Going to a Convention in Australia in 2016
Up until the start of 2016 I was a convention virgin. In my 26 years on this planet, I had never set foot on a convention floor. Now, as this year's circuit dies down, I can say that I've been to three conventions in the past 11 months.
In January I was on holiday in Sydney with RTX Australia being the focal point. This was the first convention held on Australian soil by Burnie, Gus, Matt, Geoff, Joel and the gang, so there was going to be some teething problems. The lack of air conditioning in an open air facility on one of the most humid weekends I've ever experienced is the first thing that comes to mind. There were also issues with autograph sessions, ATMs, and lines in general.
Despite all of that, the event itself had lots of things to do and people to see. Being my first convention I didn't quite know what to expect. I can still vividly remember the walk from Redfern train station and being blown away by the amount of people in line to enter the building as I turned the corner into the Australian Technology Park. It turns out that people are into the geek culture. Who knew?
You come out the other side of an event like that exhausted with sore feet, a smile on your face, and a new friend or two that you met along the way. Overall an experience I'm not going to forget anytime soon.
More recently I have been to Oz Comic Con and just last weekend I went to Brisbane Supanova, courtesy of the respective organisations as they provided me with media passes.
Going to a convention you're guaranteed to see a few things. Yes, you'll see a lot of cosplayers (Deadpool, Harley Quinn, and RWBY being the standouts to me), but there's also some similarities in the exhibitioners as well. The Sweet & Sour candy stall, TeeTurtle Shirts, Origin PC, and SO. MANY. POP VINYLS.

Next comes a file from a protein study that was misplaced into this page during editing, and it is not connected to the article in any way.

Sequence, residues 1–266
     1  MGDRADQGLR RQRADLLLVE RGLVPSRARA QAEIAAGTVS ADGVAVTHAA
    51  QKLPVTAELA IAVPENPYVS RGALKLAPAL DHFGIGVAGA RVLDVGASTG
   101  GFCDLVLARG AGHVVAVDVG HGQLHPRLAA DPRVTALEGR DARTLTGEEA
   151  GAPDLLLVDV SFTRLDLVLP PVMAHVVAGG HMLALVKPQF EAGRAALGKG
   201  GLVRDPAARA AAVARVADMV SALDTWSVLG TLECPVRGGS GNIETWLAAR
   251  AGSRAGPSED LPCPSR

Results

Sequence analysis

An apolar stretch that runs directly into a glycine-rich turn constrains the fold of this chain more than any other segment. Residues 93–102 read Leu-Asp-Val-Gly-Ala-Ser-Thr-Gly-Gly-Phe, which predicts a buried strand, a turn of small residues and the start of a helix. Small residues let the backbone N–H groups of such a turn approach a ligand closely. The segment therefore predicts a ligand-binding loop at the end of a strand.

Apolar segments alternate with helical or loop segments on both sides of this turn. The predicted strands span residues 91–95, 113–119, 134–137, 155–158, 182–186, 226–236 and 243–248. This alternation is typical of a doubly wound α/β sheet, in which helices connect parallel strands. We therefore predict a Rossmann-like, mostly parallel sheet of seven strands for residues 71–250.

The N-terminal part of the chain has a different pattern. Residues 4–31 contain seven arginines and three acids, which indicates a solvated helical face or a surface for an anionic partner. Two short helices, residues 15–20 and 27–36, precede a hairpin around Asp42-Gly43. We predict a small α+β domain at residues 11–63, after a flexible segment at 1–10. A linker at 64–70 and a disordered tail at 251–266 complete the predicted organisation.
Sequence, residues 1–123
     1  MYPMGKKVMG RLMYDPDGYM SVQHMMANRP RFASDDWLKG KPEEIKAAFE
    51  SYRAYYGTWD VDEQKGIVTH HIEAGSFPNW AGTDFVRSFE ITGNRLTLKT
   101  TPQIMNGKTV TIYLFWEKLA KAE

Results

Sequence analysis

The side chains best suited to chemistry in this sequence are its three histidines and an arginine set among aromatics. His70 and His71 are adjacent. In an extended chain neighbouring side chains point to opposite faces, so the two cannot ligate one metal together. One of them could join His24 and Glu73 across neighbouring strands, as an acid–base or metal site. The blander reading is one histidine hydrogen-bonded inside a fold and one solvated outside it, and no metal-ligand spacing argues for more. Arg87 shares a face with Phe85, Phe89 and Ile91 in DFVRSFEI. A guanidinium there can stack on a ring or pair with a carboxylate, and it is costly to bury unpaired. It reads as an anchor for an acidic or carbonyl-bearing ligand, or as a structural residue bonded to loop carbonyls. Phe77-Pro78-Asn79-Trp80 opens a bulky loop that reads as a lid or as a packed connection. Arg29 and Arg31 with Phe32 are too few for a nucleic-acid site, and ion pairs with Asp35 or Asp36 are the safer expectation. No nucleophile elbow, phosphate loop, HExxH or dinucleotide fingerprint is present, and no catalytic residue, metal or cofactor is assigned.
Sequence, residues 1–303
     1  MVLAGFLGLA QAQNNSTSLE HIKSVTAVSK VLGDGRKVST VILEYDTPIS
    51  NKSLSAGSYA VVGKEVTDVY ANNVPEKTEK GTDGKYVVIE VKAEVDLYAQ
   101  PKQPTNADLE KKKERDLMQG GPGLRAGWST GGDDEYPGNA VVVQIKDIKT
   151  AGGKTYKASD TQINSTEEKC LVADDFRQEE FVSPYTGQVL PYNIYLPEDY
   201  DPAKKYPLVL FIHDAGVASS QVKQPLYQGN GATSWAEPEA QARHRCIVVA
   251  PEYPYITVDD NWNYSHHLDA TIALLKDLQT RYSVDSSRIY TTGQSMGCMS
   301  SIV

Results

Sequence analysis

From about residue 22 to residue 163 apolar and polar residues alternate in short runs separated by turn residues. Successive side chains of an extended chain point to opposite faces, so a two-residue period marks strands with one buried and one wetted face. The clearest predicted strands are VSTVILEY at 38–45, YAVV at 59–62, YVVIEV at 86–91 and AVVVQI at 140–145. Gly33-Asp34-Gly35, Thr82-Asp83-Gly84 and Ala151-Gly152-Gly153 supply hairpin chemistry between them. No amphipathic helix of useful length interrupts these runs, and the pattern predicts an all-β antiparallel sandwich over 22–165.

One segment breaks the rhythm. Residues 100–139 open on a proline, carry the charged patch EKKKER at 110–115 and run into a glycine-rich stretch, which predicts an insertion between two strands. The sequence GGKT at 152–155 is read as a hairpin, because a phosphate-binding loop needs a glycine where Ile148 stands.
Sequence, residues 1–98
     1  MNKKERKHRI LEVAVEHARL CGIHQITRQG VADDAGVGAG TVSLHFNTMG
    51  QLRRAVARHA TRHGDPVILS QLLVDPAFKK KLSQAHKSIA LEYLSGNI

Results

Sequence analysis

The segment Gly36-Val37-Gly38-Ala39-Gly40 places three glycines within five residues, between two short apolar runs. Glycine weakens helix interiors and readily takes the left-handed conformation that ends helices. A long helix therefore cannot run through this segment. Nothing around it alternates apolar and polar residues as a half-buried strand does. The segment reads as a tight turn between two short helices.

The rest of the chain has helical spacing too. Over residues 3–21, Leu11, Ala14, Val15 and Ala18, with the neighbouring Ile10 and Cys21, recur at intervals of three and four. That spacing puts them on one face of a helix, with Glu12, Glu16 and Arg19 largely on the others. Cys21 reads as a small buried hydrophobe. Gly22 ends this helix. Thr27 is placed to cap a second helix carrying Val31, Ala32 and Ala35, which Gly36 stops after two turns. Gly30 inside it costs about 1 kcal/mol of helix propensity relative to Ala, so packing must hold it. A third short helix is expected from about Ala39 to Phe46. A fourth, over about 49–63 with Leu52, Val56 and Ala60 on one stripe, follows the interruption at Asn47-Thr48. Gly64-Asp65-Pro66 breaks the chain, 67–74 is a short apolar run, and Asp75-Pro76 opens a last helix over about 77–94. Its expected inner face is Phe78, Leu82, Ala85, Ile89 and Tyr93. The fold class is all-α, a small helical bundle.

In particular I want to call attention to the second last one there. Origin PC have been a big part of Australian conventions this year, but I was disgusted to see this advertisement at Brisbane Supanova next to a line of a dozen people who were waiting patiently to try out the HTC Vive.
If you have read any of my articles then you know that I loathe the pay-to-win business models of the vast majority of free to play titles out there. This to me is almost like bringing that mentality to real life, and it sickens me. From a business point of view it's very savvy. From an ethical point of view it's deplorable.
Despite the lines, the crowds, and sometimes questionable business models of those involved, conventions in Australia are still a hell of a lot of fun. I find it kind of sad that there isn't much focus on gaming within the conventions held in Brisbane, especially considering the quality of talent we have on offer, but I am hopeful that that will change in the near future. Next year I plan to go to more conventions, with the holy mecca that is PAX Australia being a big one to cross off the list.